When a person has been accused of a crime, there are several types of evidence that can be used to either prove their guilt or innocence. One type of evidence is known as exculpatory evidence, and it involves information that would be favorable to the defendant. It is a Constitutional right for a criminal defendant to have access to exculpatory evidence, even if they do not ask for it.
If you have been accused of a crime, your attorney will seek the best evidence available to help you fight the case and avoid prosecution. While they do not have to request exculpatory evidence held in a defendant’s case, they generally will make a motion to ensure that all evidence that could potentially exonerate you are revealed and considered in your defense.
What Is Exculpatory Evidence?
As noted, exculpatory evidence is information that the prosecution has that would be favorable to your case. This type of evidence can include eyewitness or expert witness testimony, surveillance videos, photos, text messages, and emails that help make your argument while disproving at least some of the prosecution’s claims against you. Here is a look at the type of exculpatory evidence your attorney has a right to obtain when defending you.
Types of Exculpatory Evidence That Can Be Present in a Criminal Case
Perhaps the most important type of exculpatory evidence is the type that shows you are not guilty of the crime. For example, if a woman is accused of retail theft, yet surveillance video from the store clearly shows a bearded man taking the item in question, this evidence shows that the woman did not commit the crime. There is also evidence that can show that a crime was not committed. There are certain elements that must be proven by the prosecution in order to obtain a conviction, and if the evidence negates any element of the crime, then a conviction cannot occur.
In some cases, there can also be evidence that can cast doubt on testimony offered by one of the prosecution’s witnesses, such as a written or recorded promise by a prosecutor that a witness will not face criminal penalties for their own actions in exchange for their testimony. Additionally, exculpatory evidence can include information that the court would use to justify a reduction in punishment, such as the defendant being a first-time offender or that they only played a minor role in the crime that was committed.
How Is Exculpatory Evidence Obtained?
Usually, prosecutors understand the ethical obligation of sharing information they have that is favorable to a defendant with the defendant’s attorney. However, because prosecutors tend to look at the evidence in a case through the lens of which evidence will best prove a defendant’s guilt, they often miss details that could help the defendant to disprove guilt. Because of this, many pieces of information that could be useful for the defendant are not received by their attorney until it is too late to incorporate it into their defense strategy. To combat this issue, criminal defense attorneys will take the information provided by their clients in order to learn more about the types of evidence that could be useful to their case.
A criminal defense attorney will often then conduct an independent investigation of the purported crime in order to see what evidence they can uncover. They will also review the evidence they have obtained through discovery, as these materials often lead to additional information being revealed or uncovered. They can also obtain this evidence through a motion filed in court that compels the prosecution to turn over any additional evidence. These motions usually provide very detailed descriptions of the type of evidence the defense attorney is seeking from the prosecution.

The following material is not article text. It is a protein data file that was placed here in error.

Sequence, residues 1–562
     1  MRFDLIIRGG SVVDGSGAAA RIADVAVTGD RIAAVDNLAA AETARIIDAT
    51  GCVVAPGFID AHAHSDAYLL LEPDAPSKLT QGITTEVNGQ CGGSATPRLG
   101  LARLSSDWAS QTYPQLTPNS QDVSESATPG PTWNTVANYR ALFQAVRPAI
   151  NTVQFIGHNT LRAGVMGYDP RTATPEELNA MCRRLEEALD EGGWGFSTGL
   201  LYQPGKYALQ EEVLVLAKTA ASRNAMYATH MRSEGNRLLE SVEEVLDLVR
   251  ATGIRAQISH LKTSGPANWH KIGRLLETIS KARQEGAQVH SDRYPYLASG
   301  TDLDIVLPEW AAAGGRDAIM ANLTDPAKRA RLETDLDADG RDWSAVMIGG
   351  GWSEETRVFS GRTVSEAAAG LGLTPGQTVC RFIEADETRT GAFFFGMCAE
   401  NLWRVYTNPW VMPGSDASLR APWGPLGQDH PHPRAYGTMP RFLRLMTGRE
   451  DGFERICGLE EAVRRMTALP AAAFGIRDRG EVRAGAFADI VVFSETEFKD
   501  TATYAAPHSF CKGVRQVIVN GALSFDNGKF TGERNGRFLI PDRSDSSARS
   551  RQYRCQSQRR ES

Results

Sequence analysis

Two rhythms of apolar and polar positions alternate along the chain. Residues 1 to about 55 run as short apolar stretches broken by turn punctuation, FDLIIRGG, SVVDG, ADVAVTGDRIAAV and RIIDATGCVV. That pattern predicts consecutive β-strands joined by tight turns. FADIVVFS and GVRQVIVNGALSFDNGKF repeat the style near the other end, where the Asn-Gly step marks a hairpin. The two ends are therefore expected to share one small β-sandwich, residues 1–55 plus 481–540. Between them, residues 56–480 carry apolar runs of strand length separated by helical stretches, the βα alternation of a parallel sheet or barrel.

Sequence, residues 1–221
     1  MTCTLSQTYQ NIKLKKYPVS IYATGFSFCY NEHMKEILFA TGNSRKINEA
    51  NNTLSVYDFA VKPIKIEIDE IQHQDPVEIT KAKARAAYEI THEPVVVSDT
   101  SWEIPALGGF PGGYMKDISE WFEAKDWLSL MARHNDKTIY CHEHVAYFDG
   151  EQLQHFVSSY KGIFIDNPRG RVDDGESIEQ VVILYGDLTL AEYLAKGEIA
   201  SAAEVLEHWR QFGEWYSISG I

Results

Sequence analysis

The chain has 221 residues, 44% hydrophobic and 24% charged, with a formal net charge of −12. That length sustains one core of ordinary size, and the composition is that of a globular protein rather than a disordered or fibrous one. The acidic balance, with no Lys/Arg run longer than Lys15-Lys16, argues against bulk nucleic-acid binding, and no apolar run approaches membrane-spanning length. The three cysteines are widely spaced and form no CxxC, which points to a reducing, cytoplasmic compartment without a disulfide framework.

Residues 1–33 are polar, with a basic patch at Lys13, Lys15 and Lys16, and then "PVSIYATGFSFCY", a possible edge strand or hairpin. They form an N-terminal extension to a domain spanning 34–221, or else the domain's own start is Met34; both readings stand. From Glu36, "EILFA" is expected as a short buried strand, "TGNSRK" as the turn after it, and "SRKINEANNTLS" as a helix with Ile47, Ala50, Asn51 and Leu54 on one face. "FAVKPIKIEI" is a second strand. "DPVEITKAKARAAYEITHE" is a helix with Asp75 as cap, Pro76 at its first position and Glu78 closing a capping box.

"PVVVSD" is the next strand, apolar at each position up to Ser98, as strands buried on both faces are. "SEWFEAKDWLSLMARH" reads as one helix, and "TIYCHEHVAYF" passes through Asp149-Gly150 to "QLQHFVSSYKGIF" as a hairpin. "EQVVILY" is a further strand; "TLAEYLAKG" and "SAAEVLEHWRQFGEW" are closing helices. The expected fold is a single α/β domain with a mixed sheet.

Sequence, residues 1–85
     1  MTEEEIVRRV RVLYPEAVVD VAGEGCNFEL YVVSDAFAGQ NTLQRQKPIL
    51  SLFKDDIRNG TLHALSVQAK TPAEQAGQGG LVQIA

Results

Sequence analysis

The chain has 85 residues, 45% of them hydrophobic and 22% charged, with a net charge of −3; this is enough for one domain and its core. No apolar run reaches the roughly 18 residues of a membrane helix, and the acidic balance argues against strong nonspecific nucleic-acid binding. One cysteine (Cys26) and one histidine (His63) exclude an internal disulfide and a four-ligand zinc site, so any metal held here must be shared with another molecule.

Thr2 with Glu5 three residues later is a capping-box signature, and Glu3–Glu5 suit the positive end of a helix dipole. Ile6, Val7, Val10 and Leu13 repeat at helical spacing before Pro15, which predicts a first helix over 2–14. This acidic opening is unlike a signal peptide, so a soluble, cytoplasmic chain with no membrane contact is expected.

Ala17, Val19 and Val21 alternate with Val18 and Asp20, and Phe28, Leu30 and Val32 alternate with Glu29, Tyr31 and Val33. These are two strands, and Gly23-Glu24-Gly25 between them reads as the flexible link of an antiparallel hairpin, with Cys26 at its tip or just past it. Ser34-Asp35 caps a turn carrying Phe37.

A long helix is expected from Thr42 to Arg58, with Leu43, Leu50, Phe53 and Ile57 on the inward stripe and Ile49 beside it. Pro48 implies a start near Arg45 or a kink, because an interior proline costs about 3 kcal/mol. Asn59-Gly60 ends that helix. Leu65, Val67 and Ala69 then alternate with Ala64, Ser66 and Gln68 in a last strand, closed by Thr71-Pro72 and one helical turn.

It should be noted that the defendant must show how having a specific piece of evidence will help their case. This can be done by showing that it proves the defendant’s innocence, could reduce their sentence, or could discredit testimony against them.
What Happens if the Prosecution Fails to Turn Over Exculpatory Evidence?
The requirement that prosecutors turn over exculpatory evidence is often referred to as the Brady rule, after a 1963 case entitled Brady v. Maryland, in which a man was convicted of murder and sentenced to death only to have information come out after the sentencing that the prosecutor had failed to share with the defense that the man’s accomplice had already confessed to the murder. The U.S. Supreme Court held in that case that if all the evidence had been presented in court, the jury would have likely come to a different decision and that—because of this—the defendant was denied his Constitutional right to due process.
If the court discovers that a prosecutor has withheld exculpatory evidence, the defendant’s conviction can be reversed, and a new trial can be ordered. Additionally, if the court discovers that the withholding of the evidence was intentional, the prosecutor faces sanctions, which generally involve fines.
To Learn More About How to Protect Your Rights in a Criminal Case, Call RGSG
Individuals who have been accused of crimes are guaranteed through the U.S. Constitution to have the right to due process. One of the many important services that a criminal defense attorney from Rubin, Glickman, Steinberg & Gifford, P.C. can provide to their clients is the protection of their rights during a criminal case.
Criminal convictions can have a number of negative outcomes, including the loss of freedom and financial penalties. Let us help you develop a greater understanding of the criminal court process and explain the services we can provide. For a consultation with a skilled criminal defense attorney from RGSG, fill out our contact form or call us at (215) 822-7575.